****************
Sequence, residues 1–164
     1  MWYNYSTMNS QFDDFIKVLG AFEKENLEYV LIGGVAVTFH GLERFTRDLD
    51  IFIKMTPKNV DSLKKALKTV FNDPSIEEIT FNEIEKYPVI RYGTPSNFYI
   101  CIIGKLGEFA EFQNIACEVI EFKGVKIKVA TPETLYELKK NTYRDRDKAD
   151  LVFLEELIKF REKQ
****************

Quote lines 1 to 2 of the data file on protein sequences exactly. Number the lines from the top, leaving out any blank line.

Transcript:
Sequence, residues 1–164
     1  MWYNYSTMNS QFDDFIKVLG AFEKENLEYV LIGGVAVTFH GLERFTRDLD